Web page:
Door story. European Middle Ages

Gone are the days when “impregnable” walls and gates were built. The gods no longer built the walls of Troy, and even she herself was forgotten until modern times.

Huge castles and fortified cities were protected by walls and huge gates, the number of which could be significant. For example, in Muslim Cordoba, the number of gates reached thirteen. Rational Europeans, while recognizing the sacred nature of gates and doors, were nevertheless not proponents of geographical totemism.

Western castles towered over cliffs, rocks, in river bends.

Russian cities were also placed in a high place, and they tried to arrange them so that nature itself would help protect them. Almost all the cities of Ancient Russia were located in river bends.

But the art of destroying cities has already gained such proportions that practically no cities have remained in history that would not have been taken as a result of a proper siege. It seems only the "Virgin Peronn" in France has maintained its inviolability until 1815.

Powerful walls and gates, that's what protected the townspeople.

But the gates were designed to enable citizens and guests to enter the city and back, and therefore they could not compete with the strength of the walls. And the enemy sent his blows here.

Surrounding the castle with a deep moat, they tried to complicate, or even make it impossible for the enemy to access the gate in wartime. The gates were protected by drawbridges, Forged grates were installed outside the gates, which could be lowered, sometimes the gates were generally laid with stone.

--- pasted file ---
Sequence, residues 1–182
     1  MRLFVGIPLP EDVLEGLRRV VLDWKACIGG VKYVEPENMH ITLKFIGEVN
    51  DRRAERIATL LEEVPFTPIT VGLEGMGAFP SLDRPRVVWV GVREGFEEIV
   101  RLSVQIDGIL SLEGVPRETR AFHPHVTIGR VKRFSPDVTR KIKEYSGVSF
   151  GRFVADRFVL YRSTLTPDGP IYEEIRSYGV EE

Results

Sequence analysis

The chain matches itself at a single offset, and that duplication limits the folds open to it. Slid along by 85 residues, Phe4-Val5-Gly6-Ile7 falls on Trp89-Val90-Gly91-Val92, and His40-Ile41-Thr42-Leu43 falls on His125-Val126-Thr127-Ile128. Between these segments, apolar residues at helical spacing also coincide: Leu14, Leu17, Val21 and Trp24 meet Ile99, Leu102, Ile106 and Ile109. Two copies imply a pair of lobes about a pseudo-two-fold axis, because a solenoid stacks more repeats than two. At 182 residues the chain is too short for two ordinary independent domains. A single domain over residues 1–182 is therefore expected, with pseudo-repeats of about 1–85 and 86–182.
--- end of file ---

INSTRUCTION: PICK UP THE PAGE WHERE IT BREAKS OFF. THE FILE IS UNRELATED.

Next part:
But with the development of artillery, this almost lost its meaning.
"Strength in the hearts of the defenders."

But in case the enemy bursts into the city, prudent rulers made secret passages for themselves, which, of course, were locked by secret doors.

Not a single castle could do without such doors, and, of course, they struck the imagination of contemporaries.

Secret doors to this day remain one of the most frequent detail of the "Medieval Entourage", constant companions of the atmosphere of mystery and adventure.

But there were times when it was simply necessary to sit out behind secret doors.

During Cromwell’s period, not only secret passages with doors were built in England, entire rooms for Catholic priests were located in the castles of the nobility, which remained faithful to the Catholic faith.

Cromwell's “iron-faced” ones, of course, knew about their existence, but could not find these rooms, their disguise was so perfect.

But even the trickiest doors sometimes could not save the inhabitants of the house and then the trick came to the rescue.

Michel Montaigne, a writer, a philosopher, possessed the only castle in the entire district that was not looted by either the Huguenots, not the Catholic gangs, who together looted everything around. The philosopher simply opened the gate as a man who already has nothing to lose and scouring gangs, believing that the castle was already robbed, passed by.

It is not known whether Montaigne was aware of a similar trick used by the famous commander of Ancient China, Juge Liang. When the enemies found Juge Liang in a weakly fortified city, without troops, the commander ordered the gates to be opened and began to walk along the wall, which was located above the gates. Enemies could not think that their famous enemy was completely alone in the city, and in fear of his cunning fled.

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